Know your rights October 2015

citizens information

Know Your Rights A:

Free legal advice

October 2015


I need legal advice on separating from my husband but I can’t afford to go to a solicitor. Where can I get help?


Free Legal Advice Centres (FLAC) is an organisation that promotes equal access to justice for all. You can access basic, confidential and free legal advice across all areas of law in a network of centres around Ireland. These are usually located in the local Citizens Information Centre. Some are drop-in clinics, where you will be seen on a first-come, first-served basis. Other clinics are by appointment only, and you will have to call in advance to book a place.

When you visit a FLAC clinic you should bring along any relevant documentation or correspondence. You will meet a volunteer lawyer – either a solicitor or a barrister. You can ask a question on any area of law. However if you have already consulted a solicitor about the same matter, the volunteer adviser cannot offer guidance on that issue.

Your volunteer adviser will help you to establish whether there is a legal solution to your problem, explain what options are open to you and direct you to further assistance where appropriate.

Volunteer advisers cannot provide legal representation, which means they cannot take a case for you or go to court on your behalf. They also cannot refer you to a lawyer in private practice, so you should contact the Law Society for a list of solicitors in your area or for a particular area of law.

If you have a low income, you may be eligible for legal assistance from the State on a civil matter. The Legal Aid Board is responsible for the provision of civil legal aid and advice. Your FLAC adviser can help to establish this and you may then go to your local law centre to apply for civil legal aid. You will then have to undergo a means test and a merits test.

For criminal matters, there is a separate State criminal legal aid scheme, operated through the courts and administered by the Legal Aid Board.
Further information is available from the Citizens Information Centre below.

Know Your Rights B:

Funding for college

October 2015


I’m unemployed and thinking about going to college. What funding is available for this?


Most undergraduate students attending publicly funded third-level courses for the first time will qualify for the Free Fees Initiative. You must meet criteria as regards residence, nationality and immigration status, as well as course requirements. If you qualify for free fees you do not have to pay tuition fees. There is a separate Student Contribution, which you pay to the college.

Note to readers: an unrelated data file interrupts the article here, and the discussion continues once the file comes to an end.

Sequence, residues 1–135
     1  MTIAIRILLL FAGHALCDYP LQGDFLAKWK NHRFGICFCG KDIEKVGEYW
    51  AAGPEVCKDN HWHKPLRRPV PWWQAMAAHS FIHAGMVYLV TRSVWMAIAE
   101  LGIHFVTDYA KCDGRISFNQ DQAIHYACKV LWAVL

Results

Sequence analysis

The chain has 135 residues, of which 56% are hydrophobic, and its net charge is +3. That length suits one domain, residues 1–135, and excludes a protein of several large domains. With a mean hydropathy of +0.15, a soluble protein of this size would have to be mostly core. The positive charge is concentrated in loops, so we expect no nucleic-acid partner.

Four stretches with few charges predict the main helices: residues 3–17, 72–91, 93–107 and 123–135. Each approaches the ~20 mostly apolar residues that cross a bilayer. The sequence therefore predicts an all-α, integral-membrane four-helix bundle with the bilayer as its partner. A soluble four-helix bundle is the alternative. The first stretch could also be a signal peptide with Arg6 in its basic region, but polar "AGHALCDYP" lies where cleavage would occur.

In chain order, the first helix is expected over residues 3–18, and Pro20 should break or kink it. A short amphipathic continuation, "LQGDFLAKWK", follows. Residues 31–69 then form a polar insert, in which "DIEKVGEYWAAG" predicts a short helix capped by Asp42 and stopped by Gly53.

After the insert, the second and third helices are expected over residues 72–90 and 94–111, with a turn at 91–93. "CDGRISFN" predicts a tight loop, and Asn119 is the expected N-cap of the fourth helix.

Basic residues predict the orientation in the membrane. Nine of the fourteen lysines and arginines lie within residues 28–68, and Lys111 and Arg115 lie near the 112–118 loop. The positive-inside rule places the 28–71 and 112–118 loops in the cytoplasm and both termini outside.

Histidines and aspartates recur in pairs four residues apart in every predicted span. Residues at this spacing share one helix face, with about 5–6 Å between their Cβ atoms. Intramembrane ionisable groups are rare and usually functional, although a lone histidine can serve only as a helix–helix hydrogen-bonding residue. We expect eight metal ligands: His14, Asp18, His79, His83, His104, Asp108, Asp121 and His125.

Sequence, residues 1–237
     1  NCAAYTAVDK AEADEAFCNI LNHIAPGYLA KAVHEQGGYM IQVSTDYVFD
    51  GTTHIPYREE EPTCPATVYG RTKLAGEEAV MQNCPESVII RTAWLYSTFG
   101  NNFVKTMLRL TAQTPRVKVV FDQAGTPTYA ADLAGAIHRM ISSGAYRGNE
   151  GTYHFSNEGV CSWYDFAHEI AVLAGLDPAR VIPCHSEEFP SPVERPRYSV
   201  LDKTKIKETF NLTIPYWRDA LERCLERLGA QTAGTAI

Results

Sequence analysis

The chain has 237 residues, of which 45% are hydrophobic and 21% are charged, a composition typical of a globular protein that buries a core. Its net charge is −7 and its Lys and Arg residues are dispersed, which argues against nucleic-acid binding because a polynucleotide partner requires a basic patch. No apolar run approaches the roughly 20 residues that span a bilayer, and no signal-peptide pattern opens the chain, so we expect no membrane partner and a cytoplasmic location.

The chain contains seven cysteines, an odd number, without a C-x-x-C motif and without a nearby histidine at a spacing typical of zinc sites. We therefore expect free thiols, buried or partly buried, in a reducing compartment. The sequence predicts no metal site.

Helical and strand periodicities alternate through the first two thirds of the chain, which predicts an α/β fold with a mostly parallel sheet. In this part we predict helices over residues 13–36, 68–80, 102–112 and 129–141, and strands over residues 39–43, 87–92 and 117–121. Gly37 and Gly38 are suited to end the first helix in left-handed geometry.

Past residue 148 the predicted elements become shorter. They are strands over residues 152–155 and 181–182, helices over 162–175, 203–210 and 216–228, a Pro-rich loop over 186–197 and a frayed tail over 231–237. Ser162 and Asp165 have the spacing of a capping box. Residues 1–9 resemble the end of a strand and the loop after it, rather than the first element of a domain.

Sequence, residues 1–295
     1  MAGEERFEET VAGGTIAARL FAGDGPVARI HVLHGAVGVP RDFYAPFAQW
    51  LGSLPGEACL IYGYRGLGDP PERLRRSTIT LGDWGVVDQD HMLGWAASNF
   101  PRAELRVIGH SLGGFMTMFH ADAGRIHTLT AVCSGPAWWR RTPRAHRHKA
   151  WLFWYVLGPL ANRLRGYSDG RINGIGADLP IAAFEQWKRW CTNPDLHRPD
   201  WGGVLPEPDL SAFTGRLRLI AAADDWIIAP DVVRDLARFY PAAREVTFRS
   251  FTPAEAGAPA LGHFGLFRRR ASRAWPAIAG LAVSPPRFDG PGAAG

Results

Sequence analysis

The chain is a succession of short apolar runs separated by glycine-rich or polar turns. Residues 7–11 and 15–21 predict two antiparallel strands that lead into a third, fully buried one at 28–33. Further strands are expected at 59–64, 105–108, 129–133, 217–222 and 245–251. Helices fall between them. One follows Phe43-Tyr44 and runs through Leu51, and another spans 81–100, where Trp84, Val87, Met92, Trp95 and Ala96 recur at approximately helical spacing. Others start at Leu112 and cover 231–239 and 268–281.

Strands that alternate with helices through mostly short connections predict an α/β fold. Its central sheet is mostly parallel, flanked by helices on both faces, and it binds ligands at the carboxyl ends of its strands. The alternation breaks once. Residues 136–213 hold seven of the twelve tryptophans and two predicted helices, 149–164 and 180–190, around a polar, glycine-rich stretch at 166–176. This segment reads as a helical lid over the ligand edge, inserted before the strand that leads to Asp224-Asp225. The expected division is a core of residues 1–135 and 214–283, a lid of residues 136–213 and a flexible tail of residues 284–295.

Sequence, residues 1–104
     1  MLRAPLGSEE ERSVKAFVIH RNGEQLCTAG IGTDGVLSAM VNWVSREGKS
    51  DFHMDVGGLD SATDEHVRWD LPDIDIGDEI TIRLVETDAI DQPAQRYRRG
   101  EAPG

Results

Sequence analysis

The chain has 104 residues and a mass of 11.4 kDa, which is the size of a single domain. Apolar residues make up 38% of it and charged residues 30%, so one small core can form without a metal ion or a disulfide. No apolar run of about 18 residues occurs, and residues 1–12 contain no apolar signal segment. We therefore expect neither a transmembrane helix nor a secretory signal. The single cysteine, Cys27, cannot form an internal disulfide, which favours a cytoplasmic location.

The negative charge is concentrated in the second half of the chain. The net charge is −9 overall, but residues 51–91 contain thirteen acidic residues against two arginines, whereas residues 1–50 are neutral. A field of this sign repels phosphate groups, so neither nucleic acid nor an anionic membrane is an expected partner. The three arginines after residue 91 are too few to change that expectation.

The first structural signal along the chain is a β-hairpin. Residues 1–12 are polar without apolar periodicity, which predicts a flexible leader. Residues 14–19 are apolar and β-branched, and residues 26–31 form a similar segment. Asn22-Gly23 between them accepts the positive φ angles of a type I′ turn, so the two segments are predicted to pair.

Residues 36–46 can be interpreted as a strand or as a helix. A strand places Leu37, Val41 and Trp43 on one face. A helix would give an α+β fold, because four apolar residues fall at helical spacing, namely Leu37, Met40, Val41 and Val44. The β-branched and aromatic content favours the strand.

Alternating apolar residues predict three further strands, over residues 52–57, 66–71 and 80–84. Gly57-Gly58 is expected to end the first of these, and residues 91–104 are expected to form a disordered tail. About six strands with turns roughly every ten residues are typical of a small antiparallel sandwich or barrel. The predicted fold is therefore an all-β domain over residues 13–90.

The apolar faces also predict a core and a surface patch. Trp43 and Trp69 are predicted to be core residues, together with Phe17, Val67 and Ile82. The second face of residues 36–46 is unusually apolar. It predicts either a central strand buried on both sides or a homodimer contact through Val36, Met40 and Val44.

The student grant is the main financial support for students. The grant can cover all or part of your fees (if they are not already covered), the Student Contribution and provide some maintenance. To qualify for a grant, you and your course must meet certain criteria and you must pass a means test.

The Back to Education Allowance is available to people who have been getting certain social welfare payments for a set period of time before starting their course. You cannot get a Back to Education Allowance and the maintenance portion of a student grant at the same time. If you are eligible for both, you should find out which would be of more benefit to you.

The Free Fees Initiative, the student grant and the Back to Education Allowance all have rules regarding progression from previous studies. However, there are exceptions. If you intend to start a course at a level you have studied before, you should check out whether the rules on progression apply to your situation.

If you do not qualify for the Free Fees Initiative or the student grant you should find out whether Springboard can help you to return to education. Springboard provides free higher education courses for people who are unemployed.

If you have to pay tuition fees and a Student Contribution, you may qualify for tax relief. You can find out more about sources of funding, including the Student Assistance Fund for students experiencing financial hardship, on

Further information is available from the Citizens Information Centre below.

Know Your Rights C:

Noisy neighbours

October 2015


Our new neighbours often have noisy parties and keep our children awake at nights. We don’t want to call the Gardaí but what else can we do?


Noise nuisance can be a really difficult problem, especially if your family’s sleep is disturbed. The Gardaí may ask someone to lower the noise coming from a dwelling but they do not have the power to enter a dwelling with the intention of simply asking someone to lower the noise.